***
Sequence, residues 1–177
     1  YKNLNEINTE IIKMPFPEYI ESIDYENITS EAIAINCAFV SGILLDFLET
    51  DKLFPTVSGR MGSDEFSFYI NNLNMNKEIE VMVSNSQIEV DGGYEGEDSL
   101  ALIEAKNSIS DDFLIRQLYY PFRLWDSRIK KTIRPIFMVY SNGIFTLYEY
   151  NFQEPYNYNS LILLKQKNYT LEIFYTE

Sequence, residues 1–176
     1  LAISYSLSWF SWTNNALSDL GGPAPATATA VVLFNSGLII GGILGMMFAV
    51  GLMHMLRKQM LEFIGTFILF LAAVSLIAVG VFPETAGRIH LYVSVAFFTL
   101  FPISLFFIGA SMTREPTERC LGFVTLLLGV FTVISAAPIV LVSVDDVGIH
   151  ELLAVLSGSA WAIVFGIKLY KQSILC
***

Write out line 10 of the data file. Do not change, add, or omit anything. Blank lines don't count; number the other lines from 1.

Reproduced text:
   151  ELLAVLSGSA WAIVFGIKLY KQSILC